KEEP AN EYE ON THE WIND CHILL
Jan. 15, 2004 — With an arctic airmass spreading over much of the northeastern U.S., the NOAA National Weather Service reminds residents in those affected areas to keep an eye on the wind chill, as well as the outside temperatures.
At 9:00 a.m. EST, the wind chill ranged from minus 7 in Central Park, N.Y., (actual temperature of 10 degrees F) to minus 76 at Mt. Washington, N.H., (actual temperature of minus 11). Boston, Mass., was shivering with a minus 17 wind chill, Albany, N.Y., at minus 27, and Bangor, Maine., at minus 31.
Wind chill is the term used to describe the rate of heat loss on the human body resulting from the combined effect of low temperature and wind. As winds increase, heat is carried away from the body at a faster rate, driving down both the skin temperature and eventually the internal body temperature. The wind chill index combines the temperature and wind speed to let you know how cold the wind “feels” against your skin. While exposure to low wind chills can be life threatening to both humans and animals alike, the only impact that wind chill has on inanimate objects, such as vehicles, is that it shortens the time that it takes the object to cool to the actual air temperature (it cannot cool the object down below that temperature). (Click NOAA image for larger view of NOAA National Weather Service forecast office in Gray, Maine, taken March 17, 2000, during high winds and severe wind chills. The temperature was about 17 degrees with a wind speed of about 25 mph producing a wind chill of about minus 1 degree Fahrenheit. Please credit “NOAA.”)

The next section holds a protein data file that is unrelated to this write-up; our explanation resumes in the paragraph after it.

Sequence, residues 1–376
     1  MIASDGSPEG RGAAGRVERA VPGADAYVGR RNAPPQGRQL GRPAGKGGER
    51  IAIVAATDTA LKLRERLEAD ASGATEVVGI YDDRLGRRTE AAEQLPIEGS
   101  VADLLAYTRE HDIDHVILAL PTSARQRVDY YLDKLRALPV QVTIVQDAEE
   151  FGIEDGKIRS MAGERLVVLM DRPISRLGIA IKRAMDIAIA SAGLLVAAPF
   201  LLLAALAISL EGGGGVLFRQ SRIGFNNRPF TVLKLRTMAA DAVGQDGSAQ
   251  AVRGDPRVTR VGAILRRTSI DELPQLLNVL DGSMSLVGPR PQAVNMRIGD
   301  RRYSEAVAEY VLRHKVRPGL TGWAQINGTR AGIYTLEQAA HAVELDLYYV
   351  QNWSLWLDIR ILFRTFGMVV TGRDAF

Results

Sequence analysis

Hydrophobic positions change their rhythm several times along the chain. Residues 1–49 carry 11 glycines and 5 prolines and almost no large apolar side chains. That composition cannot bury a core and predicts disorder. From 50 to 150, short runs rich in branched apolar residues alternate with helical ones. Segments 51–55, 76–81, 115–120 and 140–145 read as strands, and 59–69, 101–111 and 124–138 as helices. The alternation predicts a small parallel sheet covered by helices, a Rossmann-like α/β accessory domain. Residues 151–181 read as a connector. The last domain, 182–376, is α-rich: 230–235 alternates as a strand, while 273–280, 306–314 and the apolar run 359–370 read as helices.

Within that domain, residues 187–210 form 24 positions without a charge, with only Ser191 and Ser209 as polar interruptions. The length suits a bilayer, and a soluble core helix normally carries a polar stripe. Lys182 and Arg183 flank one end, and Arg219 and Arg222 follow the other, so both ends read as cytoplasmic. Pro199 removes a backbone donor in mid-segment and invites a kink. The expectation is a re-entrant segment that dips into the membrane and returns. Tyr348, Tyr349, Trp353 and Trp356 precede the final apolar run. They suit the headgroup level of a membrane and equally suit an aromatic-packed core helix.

During times of adverse cold weather, wind chill advisories and warnings are issued by the NOAA National Weather Service to alert the public of the impending threat. Criteria varies slightly to reflect local conditions, but in general, wind chill warnings are typically issued when the wind chill is 20 below zero or lower. During these weather conditions, exposed flesh can freeze in less than 30 minutes.
Here are some Preparedness Tips for the Remainder of the Week.
In 2001, the NOAA National Weather Service started using a new formula that includes specific wind chill threshold values showing frostbite danger at given periods of time. The new wind chill index takes into consideration the following.
will gradually worsen unless the overall rate of heat loss can be stopped.
The warning signs for hypothermia may start with shivering and shaking
and may end in death. Initially, as the body temperature starts to drop,
shivering begins. At the same time, the brain begins to reduce the amount
of blood that is circulated to the extremities of the body in order to
conserve heat for the vital organs near the body's central core. If the
central core of the body continues to cool, uncontrollable shaking, memory
loss, disorientation, incoherence, slurred speech, drowsiness and apparent
exhaustion may develop. These are all signs of a very serious situation.
If the body core temperature drops below 95 degrees Fahrenheit, just 4
degrees below normal, immediate care is needed, as the person will likely
become irrational. Once the body core temperature drops below 90 degrees,
the person loses muscle control,
If a person is suffering from hypothermia, it's critically important that the person be warmed properly. If warmed improperly, death may result. In a hypothermic person, cold blood is concentrated in the extremities. If these extremities are warmed too quickly, this cold blood will be released into the body's central core, possibly lowering the central core temperature to a fatal level. Use the following steps to raise the core temperature of a hypothermic person.
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